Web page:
In addition to the stories I just noted, this collection has these selections: ‘Unicorn Variation’ (1982), ‘The Last of the Wild Ones’ (1981), ‘Recital’ (1981), ‘The Naked Matador’ (1981), ‘The Parts That Are Only Glimpsed: Three Reflexes’ (1978), ‘Dismal Light’ (1968), ‘Go Starless in the Night’ (1979), ‘But Not the Herald’ (1965), ‘A Hand Across the Galaxy’ (1967), ‘The Force That Through the Circuit Drives the Current’ (1976), ‘Exeunt Omnes’ (1980), ‘A Very Good Year’ (1979), ‘My Lady of the Diodes’ (1970), ‘And I Only Am Escaped to Tell Thee’ (1981), ‘The Horses of Lir’ (1981), ‘The Night Has 999 Eyes’ (1964), ‘Angel, Dark Angel’ (1967), ‘Walpurgisnacht’ (1981), ‘The George Business’ (1980), and a non-fiction piece, ‘Some Science Fiction Parameters: A Biased View’ (1975). By any standards, it’s a lot of short fiction. The question, is how good is it? As with any collection, it’s an up-and-down affair. You get some good ones, you get some mediocre ones, and you get some bad ones. It’s just the normal course of things as no writer is ever consistently good.

The best story in the collection is the longest, a well-known novella called ‘Home Is the Hangman.’ In ‘Hangman,’ an artificial intelligence named Hangman is driven quite insane when, during its learning days, it commits murder at the command of its creators. That causes the AI to break contact while on deep space exploration. When it comes back, one of its controllers is murdered. Did Hangman do it? And if so, why? ‘Home Is the Hangman’ shows Zelazny at his very best grappling with questions of what is good and evil, what makes something truly alive. ‘Home is The Hangman’ is part of a series of novellas where the premise is that when the world databases are unified, a programmer takes the opportunity to completely erase his existence. He pursues a career as a trouble-shooter, taking on those assignments no one else will do. In a series of stories he investigates a case of sabotage at a top-secret nuclear project, ‘The Eve of RUMOKO’ (1969), defends a group of dolphins accused of murder, ‘Kjwalll’kje’koothai’lll’kje’k’ (1973), and tackles the Hangman problem. All three are collected in ‘My Name is Legion’ (1976).

Some of the best pieces here are very short. Weighing at only slightly over two pages (!), ‘Fire and/or Ice’ is a story of Ragnarok when Loki gets the last laugh. Well, sort of. Now some of the pieces here are as bad as any of the self-indulgent New Wave science fiction of the time could be — the Hemingway pastiche that is ‘The Naked Matador’ is just plain awful. You no doubt will find much you like here, and some that you can’t stand. What do I recommend besides what I’ve already noted? ‘The Last of the Wild Ones’ is a quirky look at feral living cars, ‘The Horses of Lir’ plays off that Celtic myth, and the brilliantly punning mediation on Death, ‘Angel, Dark Angel ‘. I should note that this story shows Zelazny did have one bad point as a writer — names that border on being bad jokes! I won’t tell you what Death is named here!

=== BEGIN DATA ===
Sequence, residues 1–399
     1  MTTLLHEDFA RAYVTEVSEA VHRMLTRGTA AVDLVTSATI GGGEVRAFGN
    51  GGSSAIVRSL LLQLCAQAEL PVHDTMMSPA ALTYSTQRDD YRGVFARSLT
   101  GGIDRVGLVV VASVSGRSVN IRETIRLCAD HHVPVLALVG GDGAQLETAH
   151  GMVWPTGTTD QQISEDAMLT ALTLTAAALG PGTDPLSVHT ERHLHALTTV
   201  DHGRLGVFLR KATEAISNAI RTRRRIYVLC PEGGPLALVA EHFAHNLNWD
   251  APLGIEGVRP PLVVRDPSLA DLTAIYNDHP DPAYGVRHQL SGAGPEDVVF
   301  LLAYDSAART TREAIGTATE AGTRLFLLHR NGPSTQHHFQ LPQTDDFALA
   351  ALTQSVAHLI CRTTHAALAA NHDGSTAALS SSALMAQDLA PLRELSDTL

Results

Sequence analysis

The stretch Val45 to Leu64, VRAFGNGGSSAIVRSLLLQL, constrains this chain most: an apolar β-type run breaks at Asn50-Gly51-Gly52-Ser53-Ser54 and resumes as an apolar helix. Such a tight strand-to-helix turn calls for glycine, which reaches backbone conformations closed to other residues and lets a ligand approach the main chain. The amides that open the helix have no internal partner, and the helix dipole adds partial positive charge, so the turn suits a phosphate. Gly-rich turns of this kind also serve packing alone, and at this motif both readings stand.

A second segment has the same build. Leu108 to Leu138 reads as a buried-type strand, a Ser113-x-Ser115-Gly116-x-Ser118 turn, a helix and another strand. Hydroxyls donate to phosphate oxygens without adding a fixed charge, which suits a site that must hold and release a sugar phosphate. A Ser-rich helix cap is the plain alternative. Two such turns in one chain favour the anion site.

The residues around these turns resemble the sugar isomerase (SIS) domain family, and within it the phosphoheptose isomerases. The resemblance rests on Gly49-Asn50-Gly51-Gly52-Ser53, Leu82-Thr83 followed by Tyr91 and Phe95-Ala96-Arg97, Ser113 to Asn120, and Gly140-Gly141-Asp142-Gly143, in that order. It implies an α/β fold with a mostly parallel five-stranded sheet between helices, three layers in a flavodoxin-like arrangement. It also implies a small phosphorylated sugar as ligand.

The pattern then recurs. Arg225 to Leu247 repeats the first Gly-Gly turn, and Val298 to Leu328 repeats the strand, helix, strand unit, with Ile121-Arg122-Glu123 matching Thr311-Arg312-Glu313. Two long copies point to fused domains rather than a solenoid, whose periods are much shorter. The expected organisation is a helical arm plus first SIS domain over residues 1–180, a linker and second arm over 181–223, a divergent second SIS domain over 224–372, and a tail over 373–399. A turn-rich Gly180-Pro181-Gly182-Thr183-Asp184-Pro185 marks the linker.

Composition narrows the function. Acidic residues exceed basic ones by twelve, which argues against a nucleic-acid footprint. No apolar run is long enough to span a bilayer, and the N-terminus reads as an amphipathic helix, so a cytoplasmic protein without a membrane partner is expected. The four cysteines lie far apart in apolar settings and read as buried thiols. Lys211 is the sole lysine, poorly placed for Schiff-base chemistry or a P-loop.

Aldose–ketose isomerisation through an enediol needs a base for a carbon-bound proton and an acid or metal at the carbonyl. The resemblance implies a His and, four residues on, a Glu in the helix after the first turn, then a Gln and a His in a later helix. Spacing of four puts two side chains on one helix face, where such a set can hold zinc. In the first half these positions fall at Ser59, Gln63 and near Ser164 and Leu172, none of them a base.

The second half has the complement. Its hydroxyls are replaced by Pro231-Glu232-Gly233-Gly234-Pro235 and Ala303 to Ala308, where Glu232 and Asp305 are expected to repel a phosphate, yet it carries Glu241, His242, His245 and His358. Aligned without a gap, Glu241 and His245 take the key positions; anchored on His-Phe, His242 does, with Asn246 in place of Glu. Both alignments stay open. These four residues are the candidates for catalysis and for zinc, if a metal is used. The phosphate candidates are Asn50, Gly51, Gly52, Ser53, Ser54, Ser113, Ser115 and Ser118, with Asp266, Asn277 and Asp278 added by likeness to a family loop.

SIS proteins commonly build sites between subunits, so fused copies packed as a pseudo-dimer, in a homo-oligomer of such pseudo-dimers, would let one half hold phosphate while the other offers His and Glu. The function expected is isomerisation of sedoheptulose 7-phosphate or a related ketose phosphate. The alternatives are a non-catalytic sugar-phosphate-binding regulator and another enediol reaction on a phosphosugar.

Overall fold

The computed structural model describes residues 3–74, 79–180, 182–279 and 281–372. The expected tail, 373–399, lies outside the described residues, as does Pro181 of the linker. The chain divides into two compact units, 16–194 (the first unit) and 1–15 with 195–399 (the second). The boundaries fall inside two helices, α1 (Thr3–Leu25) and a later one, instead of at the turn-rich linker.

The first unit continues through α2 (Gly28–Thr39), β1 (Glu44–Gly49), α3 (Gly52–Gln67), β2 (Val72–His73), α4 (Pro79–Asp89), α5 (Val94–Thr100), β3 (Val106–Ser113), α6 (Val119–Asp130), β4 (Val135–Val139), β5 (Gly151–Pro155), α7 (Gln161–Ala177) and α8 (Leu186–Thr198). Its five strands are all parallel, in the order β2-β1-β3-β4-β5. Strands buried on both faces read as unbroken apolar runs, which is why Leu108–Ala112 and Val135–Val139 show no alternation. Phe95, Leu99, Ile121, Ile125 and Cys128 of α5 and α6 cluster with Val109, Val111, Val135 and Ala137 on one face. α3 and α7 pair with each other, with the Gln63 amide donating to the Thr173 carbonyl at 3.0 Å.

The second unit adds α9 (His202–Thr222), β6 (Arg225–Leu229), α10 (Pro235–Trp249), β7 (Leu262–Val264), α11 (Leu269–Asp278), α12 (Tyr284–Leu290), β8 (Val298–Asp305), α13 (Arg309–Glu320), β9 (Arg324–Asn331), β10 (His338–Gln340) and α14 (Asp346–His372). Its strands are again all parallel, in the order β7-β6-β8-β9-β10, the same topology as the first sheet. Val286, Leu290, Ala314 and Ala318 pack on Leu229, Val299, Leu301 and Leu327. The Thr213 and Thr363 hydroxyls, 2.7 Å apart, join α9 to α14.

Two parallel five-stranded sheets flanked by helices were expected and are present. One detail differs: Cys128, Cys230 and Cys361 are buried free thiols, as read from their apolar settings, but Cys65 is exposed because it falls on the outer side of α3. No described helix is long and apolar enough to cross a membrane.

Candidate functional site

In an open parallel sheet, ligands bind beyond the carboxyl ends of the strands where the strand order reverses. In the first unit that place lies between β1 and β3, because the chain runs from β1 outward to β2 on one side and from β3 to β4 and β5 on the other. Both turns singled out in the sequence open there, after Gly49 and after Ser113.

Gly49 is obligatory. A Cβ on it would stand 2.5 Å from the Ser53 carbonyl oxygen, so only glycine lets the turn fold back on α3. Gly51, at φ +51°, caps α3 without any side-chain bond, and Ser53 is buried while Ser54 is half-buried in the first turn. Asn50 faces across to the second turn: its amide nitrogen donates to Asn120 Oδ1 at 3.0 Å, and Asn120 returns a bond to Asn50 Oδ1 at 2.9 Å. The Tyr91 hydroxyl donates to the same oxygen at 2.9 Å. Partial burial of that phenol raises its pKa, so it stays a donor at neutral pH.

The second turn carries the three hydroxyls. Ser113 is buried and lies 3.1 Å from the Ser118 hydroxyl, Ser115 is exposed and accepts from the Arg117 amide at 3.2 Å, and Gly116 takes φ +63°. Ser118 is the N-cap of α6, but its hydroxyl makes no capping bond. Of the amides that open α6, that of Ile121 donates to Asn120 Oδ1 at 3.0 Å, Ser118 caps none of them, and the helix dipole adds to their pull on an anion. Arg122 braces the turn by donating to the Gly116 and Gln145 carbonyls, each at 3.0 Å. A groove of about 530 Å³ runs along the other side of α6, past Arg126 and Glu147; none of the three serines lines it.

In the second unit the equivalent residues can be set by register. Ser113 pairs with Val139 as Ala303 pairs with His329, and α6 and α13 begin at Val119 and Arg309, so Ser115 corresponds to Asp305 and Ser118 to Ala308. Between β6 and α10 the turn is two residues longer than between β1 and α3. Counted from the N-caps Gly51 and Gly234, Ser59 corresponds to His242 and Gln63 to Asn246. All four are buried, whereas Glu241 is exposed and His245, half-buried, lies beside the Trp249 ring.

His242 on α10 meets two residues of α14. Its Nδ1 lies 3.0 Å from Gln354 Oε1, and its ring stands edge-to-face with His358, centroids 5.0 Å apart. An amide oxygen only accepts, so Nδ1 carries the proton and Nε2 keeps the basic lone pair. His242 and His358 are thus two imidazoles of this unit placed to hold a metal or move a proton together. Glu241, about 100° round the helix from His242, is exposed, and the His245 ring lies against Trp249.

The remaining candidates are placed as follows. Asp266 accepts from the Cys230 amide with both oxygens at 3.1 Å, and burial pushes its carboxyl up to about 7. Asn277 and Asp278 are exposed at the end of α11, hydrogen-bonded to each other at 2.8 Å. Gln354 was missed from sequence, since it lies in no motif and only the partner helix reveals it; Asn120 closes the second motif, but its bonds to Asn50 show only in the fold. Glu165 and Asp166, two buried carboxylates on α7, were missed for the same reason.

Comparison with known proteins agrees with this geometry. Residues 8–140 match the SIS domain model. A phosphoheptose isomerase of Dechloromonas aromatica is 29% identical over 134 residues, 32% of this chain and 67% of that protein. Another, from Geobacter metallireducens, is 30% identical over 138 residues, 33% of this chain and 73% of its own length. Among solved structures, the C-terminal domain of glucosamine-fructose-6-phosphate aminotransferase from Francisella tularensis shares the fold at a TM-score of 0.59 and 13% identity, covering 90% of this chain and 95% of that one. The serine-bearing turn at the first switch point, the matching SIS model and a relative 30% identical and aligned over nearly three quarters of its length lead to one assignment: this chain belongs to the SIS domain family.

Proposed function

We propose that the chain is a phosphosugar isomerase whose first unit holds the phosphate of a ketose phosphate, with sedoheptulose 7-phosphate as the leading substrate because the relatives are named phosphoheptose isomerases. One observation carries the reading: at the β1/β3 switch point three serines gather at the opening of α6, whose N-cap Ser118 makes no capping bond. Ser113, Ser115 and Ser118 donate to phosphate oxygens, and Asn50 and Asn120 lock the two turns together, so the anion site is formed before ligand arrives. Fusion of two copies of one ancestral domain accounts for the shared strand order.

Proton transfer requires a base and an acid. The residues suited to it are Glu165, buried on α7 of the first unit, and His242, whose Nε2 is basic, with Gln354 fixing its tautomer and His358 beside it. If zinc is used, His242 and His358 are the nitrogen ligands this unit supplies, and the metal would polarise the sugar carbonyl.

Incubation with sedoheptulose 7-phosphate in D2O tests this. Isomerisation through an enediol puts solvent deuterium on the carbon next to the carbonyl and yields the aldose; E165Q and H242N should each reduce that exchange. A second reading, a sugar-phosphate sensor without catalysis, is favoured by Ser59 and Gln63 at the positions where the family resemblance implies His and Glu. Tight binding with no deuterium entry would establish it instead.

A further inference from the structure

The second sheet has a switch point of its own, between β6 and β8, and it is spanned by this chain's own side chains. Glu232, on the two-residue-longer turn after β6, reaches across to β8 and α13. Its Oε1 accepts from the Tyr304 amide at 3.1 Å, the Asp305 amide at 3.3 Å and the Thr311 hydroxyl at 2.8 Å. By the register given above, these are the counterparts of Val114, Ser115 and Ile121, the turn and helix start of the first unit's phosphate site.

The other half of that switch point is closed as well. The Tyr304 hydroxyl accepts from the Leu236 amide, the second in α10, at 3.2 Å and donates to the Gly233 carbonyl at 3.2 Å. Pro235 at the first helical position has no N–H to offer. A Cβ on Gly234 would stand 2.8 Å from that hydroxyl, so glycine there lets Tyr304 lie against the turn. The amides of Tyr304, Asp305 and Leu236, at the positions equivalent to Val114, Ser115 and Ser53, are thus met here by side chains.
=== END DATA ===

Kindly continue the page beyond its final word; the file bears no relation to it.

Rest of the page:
The bottom line’s simple — if you like Zelazny, go buy this book. You’ll want it. If you’re not a Zelazny fan, this is probably not the place to start as the new collect, Manna from Heaven, which just came out (and which we’ll have reviewed shortly), is much stronger as a collection; it includes all 5 previously uncollected Amber short stories, plus a half dozen other uncollected works.

(Timescape, 1983)

About Cat Eldridge

I’m the publisher of Green Man Review and Sleeping Hedgehog.

My current novels are listening to Pushing Ice by Alastair Reynolds, and reading Naomi Kritzer’s Catfishing on Cat-net and Anthony Boucher’s Murder in the Morgue My current graphic novel is Spider-Gwen: Most Wanted..

I’m listening to a whole bunch of new Celtic and Nordic new releases but I’ll dip in my music collection for such artists as Blowzabella, Jay Ungar and Molly Mason, and Frifot as the weather goes colder.